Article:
Fri | Aug 18, 2017

Story of the song | A matter of red

Published:Sunday | August 21, 2016 | 8:00 AMMel Cooke
The UB40 reggae band, back in the day.
Black Uhuru (From left: ‘Ducky’ Simpson, ‘Puma’ Jones and Mykal Roze).
Beenie Man performing at Reggae Sumfest 2016.
Oku Onuora
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Red - the colour of rage and extreme ardour, blood and part of the Rastafarian tri-colour - is utilised in multiple ways in Jamaican popular music. From Super Cat commenting on the levels of violence in the inner city with Ghetto Red Hot, to Beenie Man rejoicing that a lady has to run it "red, red red", dancehall has different takes on the colour.

Before that, though, Black Uhuru had an album named Red in 1981. The line-up was Michael Rose, 'Ducky' Simpson and Sandra 'Puma' Jones, with Sly and Robbie as the production team. Among the tracks on the set which became Black Uhuru standards were Youth of Eglington and Sponji Reggae.

Dub poet Oku Onuora has given his poem, Reflections in Red, renewed lease on life. It is pioneering poetry release on Bob Marley's 56 Hope Road label, with members of the Wailers band among the musicians who played on the track. In a time of supposed political peace in the late 1970s, Onuora expressed his cynicism at the lull in the shooting - and justifiably so, as the 1980 undeclared civil war was to come.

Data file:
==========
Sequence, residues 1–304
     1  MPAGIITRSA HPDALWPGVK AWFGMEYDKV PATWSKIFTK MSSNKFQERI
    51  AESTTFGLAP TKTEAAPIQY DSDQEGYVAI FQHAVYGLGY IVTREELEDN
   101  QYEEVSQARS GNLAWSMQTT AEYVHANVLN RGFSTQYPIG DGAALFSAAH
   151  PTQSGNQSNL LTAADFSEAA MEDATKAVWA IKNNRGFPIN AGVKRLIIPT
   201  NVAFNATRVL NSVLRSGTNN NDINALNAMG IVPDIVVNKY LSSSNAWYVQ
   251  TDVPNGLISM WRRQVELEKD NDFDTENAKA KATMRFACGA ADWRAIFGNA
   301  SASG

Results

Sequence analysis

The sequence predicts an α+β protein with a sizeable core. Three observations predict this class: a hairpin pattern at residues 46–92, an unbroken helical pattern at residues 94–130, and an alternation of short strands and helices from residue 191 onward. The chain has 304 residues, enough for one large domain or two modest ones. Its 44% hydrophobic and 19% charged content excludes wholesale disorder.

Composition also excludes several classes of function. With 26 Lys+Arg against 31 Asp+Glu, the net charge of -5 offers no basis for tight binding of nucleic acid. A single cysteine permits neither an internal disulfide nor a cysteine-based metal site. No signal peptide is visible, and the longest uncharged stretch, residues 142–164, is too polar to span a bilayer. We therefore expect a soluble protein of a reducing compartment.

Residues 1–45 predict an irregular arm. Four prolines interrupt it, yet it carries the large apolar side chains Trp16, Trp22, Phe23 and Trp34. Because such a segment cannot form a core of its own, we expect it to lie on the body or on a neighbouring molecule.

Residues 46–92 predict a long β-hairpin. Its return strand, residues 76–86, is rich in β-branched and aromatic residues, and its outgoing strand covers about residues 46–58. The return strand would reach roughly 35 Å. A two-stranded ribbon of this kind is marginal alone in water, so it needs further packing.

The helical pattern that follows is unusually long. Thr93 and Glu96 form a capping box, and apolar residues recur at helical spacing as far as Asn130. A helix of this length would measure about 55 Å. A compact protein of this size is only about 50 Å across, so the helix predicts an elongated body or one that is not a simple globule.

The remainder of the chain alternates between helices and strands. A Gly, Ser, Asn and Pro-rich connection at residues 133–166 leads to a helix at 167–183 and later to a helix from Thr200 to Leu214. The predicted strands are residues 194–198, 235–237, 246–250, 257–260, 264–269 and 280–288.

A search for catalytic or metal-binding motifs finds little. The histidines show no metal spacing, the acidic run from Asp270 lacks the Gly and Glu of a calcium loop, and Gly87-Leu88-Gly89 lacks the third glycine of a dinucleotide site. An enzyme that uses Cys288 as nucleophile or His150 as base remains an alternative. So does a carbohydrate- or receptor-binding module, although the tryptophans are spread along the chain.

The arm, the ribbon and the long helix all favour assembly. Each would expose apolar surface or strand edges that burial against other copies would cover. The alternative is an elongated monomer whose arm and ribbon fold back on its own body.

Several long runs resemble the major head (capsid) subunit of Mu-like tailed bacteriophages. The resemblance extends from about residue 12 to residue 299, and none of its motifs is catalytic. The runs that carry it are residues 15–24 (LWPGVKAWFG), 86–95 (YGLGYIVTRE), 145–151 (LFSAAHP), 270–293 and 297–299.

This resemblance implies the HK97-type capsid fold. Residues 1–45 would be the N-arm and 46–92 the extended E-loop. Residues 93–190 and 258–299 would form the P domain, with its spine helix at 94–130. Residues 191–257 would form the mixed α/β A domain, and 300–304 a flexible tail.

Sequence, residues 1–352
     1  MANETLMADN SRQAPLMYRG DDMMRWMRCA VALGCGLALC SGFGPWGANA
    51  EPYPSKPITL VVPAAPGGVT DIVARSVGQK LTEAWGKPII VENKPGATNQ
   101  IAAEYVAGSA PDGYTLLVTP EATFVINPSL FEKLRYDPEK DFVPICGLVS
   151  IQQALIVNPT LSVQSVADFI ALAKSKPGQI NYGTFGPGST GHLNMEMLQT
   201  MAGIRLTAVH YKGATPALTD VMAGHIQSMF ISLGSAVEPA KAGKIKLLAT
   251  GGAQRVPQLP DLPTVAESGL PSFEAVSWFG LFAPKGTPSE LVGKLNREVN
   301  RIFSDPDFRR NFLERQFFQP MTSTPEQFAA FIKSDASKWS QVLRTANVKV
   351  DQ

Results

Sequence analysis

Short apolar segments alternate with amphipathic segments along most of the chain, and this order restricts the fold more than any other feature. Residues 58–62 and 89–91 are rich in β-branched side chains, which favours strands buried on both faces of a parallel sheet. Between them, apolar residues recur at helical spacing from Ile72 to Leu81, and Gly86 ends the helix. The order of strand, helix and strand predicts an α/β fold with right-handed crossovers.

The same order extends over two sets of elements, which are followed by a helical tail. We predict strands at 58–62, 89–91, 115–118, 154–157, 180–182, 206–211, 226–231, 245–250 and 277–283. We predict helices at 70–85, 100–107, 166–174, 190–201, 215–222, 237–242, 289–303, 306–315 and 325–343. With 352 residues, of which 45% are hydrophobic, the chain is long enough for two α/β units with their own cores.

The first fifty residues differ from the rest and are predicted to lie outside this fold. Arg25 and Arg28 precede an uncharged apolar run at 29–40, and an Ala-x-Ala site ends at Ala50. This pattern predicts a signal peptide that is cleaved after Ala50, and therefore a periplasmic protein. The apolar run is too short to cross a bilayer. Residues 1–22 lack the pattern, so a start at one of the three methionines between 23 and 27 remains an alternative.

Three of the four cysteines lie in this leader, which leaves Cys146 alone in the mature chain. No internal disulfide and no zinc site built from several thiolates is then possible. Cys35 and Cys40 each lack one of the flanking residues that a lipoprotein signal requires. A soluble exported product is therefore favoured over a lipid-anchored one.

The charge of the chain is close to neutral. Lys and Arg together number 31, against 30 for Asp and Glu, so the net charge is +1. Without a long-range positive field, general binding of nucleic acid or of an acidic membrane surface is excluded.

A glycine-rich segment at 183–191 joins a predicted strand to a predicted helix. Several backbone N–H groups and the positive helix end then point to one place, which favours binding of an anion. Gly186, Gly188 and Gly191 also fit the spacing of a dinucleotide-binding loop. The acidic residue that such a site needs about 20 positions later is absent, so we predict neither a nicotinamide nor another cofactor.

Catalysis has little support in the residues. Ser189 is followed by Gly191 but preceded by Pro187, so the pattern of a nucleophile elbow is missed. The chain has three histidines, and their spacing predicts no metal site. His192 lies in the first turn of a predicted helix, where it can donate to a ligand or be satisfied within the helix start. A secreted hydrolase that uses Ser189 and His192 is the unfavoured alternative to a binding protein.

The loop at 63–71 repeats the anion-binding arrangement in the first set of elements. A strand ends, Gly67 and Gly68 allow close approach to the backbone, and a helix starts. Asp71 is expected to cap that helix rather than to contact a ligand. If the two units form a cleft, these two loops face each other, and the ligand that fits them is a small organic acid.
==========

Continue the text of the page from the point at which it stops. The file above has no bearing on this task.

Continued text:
Zebra introduces a degree of redness as he deejays about personal attributes which can lead to destruction:

"Redder than red, colder than cold

Too much innocent youth go dung inna hole

True dem no seek God inna dem soul..."

UB40's do-over of Neil Diamond's Red Red Wine, puts a red liquor into reggae - not that Jamaica does not have its own red alcohol in Red Label Wine (Konshens uses the Turn on the Thrills in Gal a Bubble). Of course, there is Red Stripe beer (though not a red drink, of course), which gets repeated references in Jamaican popular music. Among the humorous ones is in Buju Banton's Operation Ardent, when the police raid a dance and "man a try squeeze knife dung inna Red Stripe beer."

Apart from song lyrics, the documentary on Peter Tosh's life which has become a widely referenced audiovisual of his life is titled Stepping Razor: Red X. There is an artiste named Red Rat who deejayed about a girl named Shelly-Ann, who "gwaan like she nice an' have one bag a man". Red Fox has done excellent performances with Maxi Priest and for good measure, there was once a sound system named Redman International, which became Jamrock.